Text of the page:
Cattle futures continued to edge lower Wednesday, pressured by an uptick in Corn futures and steady to lower cash fed cattle prices.
Feeder Cattle futures closed an average of 32¢ lower.
Live Cattle futures closed an average of 35¢ lower, except for an average of 8¢ higher in two contracts.
Grain futures firmed overnight and through yesterday’s session as traders added some risk premium based on recent Russian attacks in Ukraine
Corn futures closed mostly 3¢ to 6¢ higher.
KC HRW Wheat closed mostly 4¢ to 5¢ higher.
Soybean futures closed mostly 11¢ to 18¢ higher.
Negotiated cash fed cattle trade was mainly limited on light to moderate demand through Wednesday afternoon, according to the Agricultural Marketing Service.
So far this week, FOB live prices are $1 lower in the Southern Plains at $179/cwt. and steady in the western Corn Belt at $188.
Last week, FOB live prices in Nebraska were $188. Dressed prices were $295.
Choice boxed beef cutout value was $1.73 higher Wednesday afternoon at $308.99/cwt. Select was $1.74 higher at $284.77/cwt.
Major U.S. financial indices closed lower again Wednesday, apparently pressured mostly by minutes from the last Federal Reserve meeting, which indicated future interest rate increases were as likely as not.
“With inflation still well above the Committee’s longer-run goal and the labor market remaining tight, most participants continued to see significant upside risks to inflation, which could require further tightening of monetary policy,” according to the minutes. “… “Participants noted the recent reduction in total and core inflation rates. However, they stressed that inflation remained unacceptably high and that further evidence would be required for them to be confident that inflation was clearly on a path toward the Committee’s 2% objective.”
The Dow Jones Industrial Average closed 180 points lower. The S&P 500 closed 33 points lower. The NASDAQ was down 156 points.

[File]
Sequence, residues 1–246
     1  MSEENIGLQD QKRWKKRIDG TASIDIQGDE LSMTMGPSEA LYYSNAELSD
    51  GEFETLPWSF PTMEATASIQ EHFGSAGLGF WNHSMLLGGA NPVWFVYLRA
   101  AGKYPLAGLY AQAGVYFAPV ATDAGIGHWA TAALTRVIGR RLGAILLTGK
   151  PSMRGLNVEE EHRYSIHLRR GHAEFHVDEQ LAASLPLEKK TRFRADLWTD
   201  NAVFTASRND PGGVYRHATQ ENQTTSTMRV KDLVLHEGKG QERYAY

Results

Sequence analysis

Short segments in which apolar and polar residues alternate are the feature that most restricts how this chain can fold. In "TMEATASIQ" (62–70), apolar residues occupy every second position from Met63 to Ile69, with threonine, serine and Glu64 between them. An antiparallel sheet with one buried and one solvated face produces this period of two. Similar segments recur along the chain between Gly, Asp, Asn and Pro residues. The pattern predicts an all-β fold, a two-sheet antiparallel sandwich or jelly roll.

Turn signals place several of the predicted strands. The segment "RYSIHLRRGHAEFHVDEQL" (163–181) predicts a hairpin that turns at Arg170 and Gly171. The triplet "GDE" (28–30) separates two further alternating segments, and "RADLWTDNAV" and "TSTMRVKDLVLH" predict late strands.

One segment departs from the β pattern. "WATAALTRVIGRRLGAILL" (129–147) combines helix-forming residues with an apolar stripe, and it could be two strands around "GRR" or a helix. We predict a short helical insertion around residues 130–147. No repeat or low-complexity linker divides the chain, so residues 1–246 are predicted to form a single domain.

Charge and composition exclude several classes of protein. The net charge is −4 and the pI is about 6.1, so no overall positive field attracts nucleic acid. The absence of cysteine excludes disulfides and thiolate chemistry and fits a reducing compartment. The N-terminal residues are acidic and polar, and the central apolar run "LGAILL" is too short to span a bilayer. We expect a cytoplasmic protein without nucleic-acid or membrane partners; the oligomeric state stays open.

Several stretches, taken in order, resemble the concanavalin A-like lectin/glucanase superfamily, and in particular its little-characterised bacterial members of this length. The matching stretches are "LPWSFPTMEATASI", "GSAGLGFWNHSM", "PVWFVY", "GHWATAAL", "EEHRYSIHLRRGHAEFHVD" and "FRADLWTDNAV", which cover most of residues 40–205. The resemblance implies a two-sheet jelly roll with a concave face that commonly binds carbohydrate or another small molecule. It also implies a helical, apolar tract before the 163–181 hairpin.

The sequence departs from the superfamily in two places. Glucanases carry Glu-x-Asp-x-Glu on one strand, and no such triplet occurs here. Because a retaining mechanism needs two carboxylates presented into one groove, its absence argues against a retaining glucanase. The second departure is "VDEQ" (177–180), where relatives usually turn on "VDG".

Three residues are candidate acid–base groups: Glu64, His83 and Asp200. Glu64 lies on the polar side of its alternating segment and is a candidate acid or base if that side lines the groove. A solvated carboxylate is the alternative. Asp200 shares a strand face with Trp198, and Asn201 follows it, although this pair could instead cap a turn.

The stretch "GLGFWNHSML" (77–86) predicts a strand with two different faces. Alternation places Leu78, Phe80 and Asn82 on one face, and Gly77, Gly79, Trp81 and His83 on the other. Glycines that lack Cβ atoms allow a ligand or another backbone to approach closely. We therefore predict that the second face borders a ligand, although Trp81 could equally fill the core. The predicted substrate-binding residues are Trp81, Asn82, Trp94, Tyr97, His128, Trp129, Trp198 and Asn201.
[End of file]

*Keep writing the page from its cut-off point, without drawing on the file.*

West Texas Intermediate Crude Oil futures (CME) closed 98¢ to $1.61 lower through the front six contracts.
The market for plant-based meats has likely reached a tipping point as the initial period of exceptional sales growth appears to be over, according to a new report from CoBank’s Knowledge Exchange.
“Whatever their reason for purchase, plant-based offerings appear to have fallen short of consumers’ expectations in terms of either cost or performance,” says Billy Roberts, senior food and beverage economist for CoBank. “Market participants should be able to address the cost issues with greater economies of scale and minimized supply chain expenses. However, innovation around taste, texture and mouthfeel will be essential to capture more mass-market consumers.”
For added perspective, the price per share for Beyond Meat, Inc. — the poster child for plant-based fake meat—was trading at $12.28 noon yesterday. It was $35.83 a year earlier and $117.35 two years earlier.
Plant-based meat sales peaked in 2020 when consumers had more discretionary income and were curious about broadening their food spend in the wake of pandemic-era food shortages, according to CoBank. But fewer than half of Americans who tried the products at the time repeated their purchase, per data from consumer research firm Mintel.
Sales of meat alternatives have fallen steadily since 2021 and more sharply over the last year. Volume sales dropped 20.9% for the 52-week period ending July 2, 2023, according to consumer behavior research firm Circana.
Consumers have consistently cited health as a top reason for purchasing plant-based offerings. However, according to the CoBank report, shoppers who initially sought plant-based meats thinking these were healthier options would later voice doubts about the healthfulness of the products, specifically as it relates to their typically complex ingredient legend.